The unemployment rate in Highland County dropped slightly in July to 6.6 percent, a fall of 0.2 percent from the month before, according to new figures Tuesday released by the Ohio Department of Job and Family Services (ODJFS).
The ODJFS said the labor force in Highland County has 17,700 workers, with 16,500 members of the force employed and 1,200 unemployed. The numbers are not seasonally adjusted.
Of the 88 counties in Ohio, Highland County is ranked 25th in terms of the highest unemployment rate in the state, tied with two other counties.
Seasonal adjustment, according to the U.S. Bureau of Labor Statistics, is a “statistical technique that attempts to measure and remove the influences of predictable seasonal patterns to reveal how employment and unemployment change from month to month.”
It considers the changes in labor market activity because of seasonal events like weather, harvests and major holidays. Because the seasonal events are mostly the same every year, the change in the trends can be eliminated by seasonally adjusting the statistics from month to month. The adjustments allow people to see the underlying trends and other nonseasonal movements, the ODJFS said.
Overall, the Ohio unemployment rate went up to 5.4 percent in July from 5.2 percent in June.
The county unemployment rates in Ohio range from a low of 3.7 percent in Holmes County to a high of 8.1 percent in Athens and Jefferson counties.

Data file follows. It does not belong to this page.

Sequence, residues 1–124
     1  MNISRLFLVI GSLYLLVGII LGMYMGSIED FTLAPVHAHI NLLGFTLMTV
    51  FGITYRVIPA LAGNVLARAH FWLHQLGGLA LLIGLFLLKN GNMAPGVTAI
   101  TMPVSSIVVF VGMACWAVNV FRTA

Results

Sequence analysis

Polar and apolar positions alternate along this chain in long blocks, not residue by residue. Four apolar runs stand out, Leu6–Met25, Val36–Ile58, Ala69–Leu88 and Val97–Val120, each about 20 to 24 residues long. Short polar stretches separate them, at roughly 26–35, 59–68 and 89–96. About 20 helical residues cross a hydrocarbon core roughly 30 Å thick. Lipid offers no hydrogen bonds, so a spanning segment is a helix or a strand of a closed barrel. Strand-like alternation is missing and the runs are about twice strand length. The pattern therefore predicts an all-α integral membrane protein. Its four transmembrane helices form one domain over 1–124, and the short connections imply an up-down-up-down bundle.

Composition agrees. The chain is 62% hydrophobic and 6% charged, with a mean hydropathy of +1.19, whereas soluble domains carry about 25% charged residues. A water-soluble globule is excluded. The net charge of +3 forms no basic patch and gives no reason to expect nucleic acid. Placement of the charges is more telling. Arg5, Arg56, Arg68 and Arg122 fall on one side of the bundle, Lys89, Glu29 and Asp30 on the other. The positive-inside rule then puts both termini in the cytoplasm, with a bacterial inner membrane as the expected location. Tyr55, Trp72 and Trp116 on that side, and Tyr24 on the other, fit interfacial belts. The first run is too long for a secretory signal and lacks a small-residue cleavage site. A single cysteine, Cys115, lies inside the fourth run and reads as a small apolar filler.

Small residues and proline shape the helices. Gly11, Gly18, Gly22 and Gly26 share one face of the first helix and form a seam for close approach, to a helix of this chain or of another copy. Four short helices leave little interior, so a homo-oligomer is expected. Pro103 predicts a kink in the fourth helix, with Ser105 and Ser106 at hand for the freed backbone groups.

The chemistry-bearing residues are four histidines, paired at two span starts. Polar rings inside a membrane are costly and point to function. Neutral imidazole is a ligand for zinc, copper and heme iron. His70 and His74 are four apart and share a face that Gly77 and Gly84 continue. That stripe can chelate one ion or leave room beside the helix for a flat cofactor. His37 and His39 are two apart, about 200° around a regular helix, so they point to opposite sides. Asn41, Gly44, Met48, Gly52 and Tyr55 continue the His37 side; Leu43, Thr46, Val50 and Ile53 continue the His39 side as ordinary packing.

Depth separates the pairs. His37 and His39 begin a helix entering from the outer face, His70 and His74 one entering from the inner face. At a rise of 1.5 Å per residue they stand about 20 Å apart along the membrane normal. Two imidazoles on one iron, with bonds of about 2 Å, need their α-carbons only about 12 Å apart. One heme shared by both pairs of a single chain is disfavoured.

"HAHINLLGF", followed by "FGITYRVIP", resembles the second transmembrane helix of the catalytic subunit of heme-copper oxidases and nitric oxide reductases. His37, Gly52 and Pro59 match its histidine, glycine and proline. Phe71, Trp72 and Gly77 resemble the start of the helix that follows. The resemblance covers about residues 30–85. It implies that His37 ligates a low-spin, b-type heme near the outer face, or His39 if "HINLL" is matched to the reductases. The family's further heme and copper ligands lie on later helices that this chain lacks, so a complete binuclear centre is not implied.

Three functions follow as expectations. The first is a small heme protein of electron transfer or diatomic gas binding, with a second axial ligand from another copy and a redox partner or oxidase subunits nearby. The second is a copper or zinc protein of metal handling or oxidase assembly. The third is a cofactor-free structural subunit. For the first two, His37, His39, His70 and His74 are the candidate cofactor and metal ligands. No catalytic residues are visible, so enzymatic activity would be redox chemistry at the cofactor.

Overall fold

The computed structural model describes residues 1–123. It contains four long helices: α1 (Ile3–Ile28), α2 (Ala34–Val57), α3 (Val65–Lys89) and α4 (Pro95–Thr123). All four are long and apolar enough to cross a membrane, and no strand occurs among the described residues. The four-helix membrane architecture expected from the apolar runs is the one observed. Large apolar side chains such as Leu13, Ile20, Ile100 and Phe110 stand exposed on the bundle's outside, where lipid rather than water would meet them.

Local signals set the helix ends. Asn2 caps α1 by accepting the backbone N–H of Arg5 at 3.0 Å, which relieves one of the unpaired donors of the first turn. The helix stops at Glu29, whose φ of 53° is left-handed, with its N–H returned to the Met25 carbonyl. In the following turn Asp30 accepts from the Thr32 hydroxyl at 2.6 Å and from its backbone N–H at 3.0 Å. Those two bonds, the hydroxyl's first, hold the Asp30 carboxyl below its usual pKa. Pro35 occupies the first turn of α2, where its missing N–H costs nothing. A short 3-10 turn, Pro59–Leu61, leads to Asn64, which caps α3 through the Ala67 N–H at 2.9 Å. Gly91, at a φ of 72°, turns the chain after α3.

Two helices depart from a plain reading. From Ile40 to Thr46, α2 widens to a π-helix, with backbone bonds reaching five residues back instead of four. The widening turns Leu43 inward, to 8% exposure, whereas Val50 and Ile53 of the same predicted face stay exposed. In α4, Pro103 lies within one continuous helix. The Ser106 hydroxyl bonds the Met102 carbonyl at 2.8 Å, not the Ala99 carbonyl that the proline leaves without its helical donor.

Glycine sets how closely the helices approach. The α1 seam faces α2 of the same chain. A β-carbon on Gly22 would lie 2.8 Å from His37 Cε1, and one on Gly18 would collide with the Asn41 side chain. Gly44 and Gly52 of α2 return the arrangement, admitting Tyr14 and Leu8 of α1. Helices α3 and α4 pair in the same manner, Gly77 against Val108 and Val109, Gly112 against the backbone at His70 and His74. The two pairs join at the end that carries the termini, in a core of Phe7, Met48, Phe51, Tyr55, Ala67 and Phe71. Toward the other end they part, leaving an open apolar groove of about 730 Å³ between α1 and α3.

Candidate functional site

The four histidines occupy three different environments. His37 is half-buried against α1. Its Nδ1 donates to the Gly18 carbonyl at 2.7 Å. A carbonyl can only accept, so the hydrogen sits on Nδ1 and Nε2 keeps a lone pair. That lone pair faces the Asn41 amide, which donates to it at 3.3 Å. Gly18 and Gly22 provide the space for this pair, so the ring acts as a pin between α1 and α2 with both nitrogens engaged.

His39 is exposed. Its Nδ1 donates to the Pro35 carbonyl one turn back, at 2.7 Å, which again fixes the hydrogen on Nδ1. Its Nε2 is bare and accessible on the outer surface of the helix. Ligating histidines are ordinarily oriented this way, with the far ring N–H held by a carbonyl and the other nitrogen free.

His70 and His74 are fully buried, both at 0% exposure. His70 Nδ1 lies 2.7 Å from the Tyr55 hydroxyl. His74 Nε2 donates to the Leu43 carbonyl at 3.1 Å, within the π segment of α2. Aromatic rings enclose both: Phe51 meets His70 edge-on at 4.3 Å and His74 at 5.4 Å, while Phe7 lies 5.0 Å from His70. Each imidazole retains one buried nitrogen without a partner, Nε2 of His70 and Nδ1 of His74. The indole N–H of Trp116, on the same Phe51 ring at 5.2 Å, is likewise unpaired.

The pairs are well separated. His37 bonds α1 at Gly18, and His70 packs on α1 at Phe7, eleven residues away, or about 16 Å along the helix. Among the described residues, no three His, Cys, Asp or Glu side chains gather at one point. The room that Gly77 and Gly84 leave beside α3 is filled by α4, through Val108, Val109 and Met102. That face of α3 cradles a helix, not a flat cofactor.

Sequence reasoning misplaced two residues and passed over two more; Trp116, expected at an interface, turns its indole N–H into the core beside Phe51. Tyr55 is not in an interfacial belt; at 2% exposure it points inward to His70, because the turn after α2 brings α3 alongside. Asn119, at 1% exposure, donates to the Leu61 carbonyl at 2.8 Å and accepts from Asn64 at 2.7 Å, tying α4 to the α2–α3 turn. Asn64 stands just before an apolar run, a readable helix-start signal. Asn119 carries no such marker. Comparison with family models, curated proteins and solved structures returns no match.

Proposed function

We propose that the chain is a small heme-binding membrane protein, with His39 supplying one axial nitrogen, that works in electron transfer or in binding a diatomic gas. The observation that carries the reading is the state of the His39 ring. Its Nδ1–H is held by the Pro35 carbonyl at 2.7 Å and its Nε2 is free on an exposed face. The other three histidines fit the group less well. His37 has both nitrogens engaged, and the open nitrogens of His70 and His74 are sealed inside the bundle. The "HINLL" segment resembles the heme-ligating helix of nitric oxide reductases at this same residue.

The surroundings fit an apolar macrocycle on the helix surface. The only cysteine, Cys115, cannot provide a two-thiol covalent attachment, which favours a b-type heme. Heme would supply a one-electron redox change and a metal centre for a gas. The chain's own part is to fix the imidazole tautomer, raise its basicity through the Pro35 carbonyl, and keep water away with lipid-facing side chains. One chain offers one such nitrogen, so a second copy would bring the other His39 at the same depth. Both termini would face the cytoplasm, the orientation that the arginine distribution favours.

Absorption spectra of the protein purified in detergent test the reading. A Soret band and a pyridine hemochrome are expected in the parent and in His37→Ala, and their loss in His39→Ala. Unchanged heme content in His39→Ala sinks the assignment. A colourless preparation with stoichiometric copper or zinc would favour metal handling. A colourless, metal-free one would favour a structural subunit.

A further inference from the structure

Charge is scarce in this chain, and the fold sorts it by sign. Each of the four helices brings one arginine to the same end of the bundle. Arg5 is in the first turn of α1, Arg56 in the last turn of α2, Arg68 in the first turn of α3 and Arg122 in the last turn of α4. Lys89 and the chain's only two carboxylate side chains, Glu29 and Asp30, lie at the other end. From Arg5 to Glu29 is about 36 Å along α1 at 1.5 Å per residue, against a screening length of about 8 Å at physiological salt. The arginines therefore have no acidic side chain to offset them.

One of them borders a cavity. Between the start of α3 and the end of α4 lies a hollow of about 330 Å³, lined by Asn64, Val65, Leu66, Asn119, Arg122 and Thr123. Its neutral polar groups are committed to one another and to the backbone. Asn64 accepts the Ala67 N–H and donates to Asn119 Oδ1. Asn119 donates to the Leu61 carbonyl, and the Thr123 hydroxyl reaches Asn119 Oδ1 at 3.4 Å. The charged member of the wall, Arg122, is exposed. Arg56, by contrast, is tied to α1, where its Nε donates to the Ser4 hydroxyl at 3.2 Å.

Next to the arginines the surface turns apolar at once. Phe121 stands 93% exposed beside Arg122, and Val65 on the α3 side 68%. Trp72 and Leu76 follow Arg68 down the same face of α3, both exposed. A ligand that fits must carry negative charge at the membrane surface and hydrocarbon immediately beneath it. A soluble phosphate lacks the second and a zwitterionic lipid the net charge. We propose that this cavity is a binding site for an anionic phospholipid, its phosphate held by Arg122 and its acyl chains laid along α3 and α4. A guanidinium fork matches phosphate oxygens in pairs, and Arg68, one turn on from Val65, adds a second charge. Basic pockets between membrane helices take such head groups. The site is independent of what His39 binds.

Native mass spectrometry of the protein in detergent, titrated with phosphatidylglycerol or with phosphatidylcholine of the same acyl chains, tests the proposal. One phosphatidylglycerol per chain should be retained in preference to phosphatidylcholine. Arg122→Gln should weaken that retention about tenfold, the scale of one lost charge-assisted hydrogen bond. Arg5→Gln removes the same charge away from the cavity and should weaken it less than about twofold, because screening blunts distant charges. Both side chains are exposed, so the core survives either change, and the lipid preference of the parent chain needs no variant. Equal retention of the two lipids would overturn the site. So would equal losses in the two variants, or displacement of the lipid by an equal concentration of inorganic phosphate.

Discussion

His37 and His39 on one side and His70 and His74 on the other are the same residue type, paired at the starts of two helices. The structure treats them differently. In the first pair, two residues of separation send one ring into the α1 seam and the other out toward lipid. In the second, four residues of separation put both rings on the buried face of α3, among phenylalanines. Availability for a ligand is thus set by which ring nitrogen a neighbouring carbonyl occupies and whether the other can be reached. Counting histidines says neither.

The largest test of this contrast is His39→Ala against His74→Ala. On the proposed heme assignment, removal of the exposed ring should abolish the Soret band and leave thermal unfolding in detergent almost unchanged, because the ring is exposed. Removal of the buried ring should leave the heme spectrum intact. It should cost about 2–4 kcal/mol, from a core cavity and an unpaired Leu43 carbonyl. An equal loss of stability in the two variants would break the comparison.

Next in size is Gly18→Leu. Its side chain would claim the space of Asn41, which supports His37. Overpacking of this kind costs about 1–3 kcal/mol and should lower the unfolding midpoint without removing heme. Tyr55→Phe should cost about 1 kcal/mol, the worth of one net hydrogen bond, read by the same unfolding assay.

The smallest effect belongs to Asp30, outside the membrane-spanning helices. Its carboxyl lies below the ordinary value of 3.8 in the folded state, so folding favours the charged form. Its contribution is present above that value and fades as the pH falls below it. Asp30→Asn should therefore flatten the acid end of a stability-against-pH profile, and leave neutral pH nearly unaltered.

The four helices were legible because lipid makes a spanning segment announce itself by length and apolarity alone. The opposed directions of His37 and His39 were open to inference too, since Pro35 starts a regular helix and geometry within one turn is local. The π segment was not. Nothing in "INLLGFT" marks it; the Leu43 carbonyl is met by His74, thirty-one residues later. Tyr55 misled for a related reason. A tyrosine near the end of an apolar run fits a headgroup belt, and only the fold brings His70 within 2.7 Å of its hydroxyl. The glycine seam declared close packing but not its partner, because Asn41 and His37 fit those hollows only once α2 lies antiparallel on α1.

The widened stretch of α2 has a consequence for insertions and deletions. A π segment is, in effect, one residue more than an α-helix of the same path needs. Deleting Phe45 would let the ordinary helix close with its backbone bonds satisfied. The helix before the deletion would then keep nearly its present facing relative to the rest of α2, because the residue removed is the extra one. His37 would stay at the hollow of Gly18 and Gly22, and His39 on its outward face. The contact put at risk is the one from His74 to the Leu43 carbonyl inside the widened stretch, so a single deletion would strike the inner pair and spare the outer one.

The state had three counties at or below 4.0 percent unemployment in July — Holmes County at 3.7 percent, Mercer County at 3.8 percent and Putnam County at 4.0 percent.
The state had nine counties at or above 7.5 percent unemployment in July — Athens and Jefferson counties at 8.1 percent; Lucas and Meigs counties at 7.9 percent; Harrison County at 7.7 percent; Monroe, Noble and Scioto counties at 7.6 percent; and Trumbull County at 7.5 percent.
According to the ODJFS, 86 counties had their unemployment numbers decrease, while the numbers increased in one county and stayed the same in one county in July.
Of the six counties contiguous to Highland County: Ross County had a 5.7 percent unemployment rate, Fayette County had 5.4 percent, Clinton County had 6.3 percent, Brown County had 6.5 percent, Pike County had 7.2 percent and Adams County had 7.2 percent.
Reach Jacob Clary at 937-402-2570.